Why Be Married? To Cover Your Parents’ Debts

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I found this fascinating description of marriage in Bali today, with yet another reason to be married:

“For Balinese, a marriage in Bali is not just a union of two individual but also a passing of the baton religious and social responsibilities from father to son. Son inherits everything, wealth, debt, religious and social obligations, family temple, and of course obligation to perform cremation ceremony for his parents.”

The wife moves into the husband’s home and cuts her responsibilities to her family of origin to help him meet his.
No sons to offer in marriage? Offer a daughter. There’s a special marriage form in which you adopt your son-in-law, giving him all the rights and responsibilities of a married son. He moves in with your daughter, abandons his responsibilities to his parents.
If that’s a problem, because he’s an only son, there’s a special third form, seen as less desirable than the first two, in which he takes on the responsibilties and rights of both families.
I have not attempted to verify if this is an accurate description, but It’s got me thinking once again about our reasons for marrying.
Too often, we focus on what we expect to get from marriage, rather than what we are offering to do. Happiness research has shown satisfaction comes from feeling part of something bigger than ourselves. The happiness of physical and emotional pleasures from a spouse is fleeting and must be renewed constantly, but the satisfaction of feeling part of something meaningful and larger than ourselves is much more long-lasting.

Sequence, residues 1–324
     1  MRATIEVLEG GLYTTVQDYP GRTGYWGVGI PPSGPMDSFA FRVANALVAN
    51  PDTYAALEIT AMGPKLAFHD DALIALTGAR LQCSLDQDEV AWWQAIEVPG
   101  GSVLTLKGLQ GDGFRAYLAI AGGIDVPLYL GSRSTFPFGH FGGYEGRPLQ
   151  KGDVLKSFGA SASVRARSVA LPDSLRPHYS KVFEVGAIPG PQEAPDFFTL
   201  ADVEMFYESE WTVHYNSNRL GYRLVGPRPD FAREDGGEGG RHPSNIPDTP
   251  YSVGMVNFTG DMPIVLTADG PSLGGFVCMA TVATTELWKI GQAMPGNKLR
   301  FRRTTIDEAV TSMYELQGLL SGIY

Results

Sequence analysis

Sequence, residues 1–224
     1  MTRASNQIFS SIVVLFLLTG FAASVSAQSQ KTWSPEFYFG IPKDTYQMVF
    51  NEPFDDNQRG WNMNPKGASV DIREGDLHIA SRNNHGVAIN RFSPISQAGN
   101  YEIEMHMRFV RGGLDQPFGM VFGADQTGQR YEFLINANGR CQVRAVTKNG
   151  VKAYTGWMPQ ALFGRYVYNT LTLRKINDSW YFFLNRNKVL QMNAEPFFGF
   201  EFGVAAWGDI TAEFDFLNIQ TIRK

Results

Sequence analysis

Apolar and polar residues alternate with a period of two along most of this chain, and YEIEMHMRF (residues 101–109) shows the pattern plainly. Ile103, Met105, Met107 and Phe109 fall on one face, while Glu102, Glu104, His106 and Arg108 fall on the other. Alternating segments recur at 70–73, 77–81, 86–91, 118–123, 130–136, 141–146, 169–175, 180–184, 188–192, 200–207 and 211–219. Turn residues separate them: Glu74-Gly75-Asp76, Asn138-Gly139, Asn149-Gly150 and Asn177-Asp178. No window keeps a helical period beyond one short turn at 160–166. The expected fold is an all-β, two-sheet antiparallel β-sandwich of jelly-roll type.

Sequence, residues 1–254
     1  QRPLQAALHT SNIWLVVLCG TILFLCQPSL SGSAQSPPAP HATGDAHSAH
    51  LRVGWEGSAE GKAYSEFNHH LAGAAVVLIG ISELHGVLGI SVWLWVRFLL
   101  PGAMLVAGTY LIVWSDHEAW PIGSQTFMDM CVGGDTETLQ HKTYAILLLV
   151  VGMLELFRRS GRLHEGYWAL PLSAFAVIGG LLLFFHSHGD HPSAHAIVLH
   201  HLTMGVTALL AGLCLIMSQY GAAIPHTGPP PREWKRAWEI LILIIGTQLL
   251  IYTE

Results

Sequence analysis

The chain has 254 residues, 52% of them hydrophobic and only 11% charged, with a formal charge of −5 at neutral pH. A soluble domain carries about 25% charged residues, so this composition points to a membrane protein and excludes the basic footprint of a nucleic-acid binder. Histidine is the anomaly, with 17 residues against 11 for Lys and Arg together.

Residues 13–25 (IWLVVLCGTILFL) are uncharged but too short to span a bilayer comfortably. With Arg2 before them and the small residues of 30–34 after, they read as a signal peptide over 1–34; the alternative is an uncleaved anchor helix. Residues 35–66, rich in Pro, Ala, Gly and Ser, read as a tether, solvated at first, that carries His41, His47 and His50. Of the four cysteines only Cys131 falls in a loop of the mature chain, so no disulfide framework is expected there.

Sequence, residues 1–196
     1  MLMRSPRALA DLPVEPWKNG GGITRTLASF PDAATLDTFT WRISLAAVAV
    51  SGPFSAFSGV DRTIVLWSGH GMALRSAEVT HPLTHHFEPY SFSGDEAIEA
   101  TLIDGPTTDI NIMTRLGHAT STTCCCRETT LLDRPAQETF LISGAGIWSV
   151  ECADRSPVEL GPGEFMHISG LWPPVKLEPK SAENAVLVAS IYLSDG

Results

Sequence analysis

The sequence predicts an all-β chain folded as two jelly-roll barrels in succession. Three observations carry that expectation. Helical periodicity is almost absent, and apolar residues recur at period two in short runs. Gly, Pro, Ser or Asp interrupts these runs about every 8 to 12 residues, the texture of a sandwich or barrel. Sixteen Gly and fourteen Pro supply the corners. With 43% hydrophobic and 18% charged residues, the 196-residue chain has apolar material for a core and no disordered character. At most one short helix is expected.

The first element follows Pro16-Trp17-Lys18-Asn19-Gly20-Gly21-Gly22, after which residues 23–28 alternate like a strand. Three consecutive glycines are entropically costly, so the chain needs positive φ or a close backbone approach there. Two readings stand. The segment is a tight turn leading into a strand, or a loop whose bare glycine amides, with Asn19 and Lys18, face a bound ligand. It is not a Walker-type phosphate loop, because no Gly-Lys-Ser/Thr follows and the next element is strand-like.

About the author

Patty Newbold

I am a widow who got it right the second time. I have been sharing here since February 14, 2006 what I learned from that experience and from positive psychology, marriage research, and my training as a marriage educator.

2 Comments

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  • It never ceases to amaze me about how different our cultures can be. Not necessarily better or worse, but defintely different. So it is no wonder why there can be so many challenges in a marriage.
    Consider that one way to better understand those differences is to write down those family traditions as stories for future generations.
    Beth L
    http://onestoryatatime.blogspot.com

  • Excellent idea, Beth, and maybe not only for future generations. Our family has a mix of traditions, with members on opposite sides of the world and with many different religious views. We might do well to write down our family stories to share with all parts of the family, as a way of better understanding each other. Thanks for the idea!

By Patty Newbold

Patty Newbold

I am a widow who got it right the second time. I have been sharing here since February 14, 2006 what I learned from that experience and from positive psychology, marriage research, and my training as a marriage educator.

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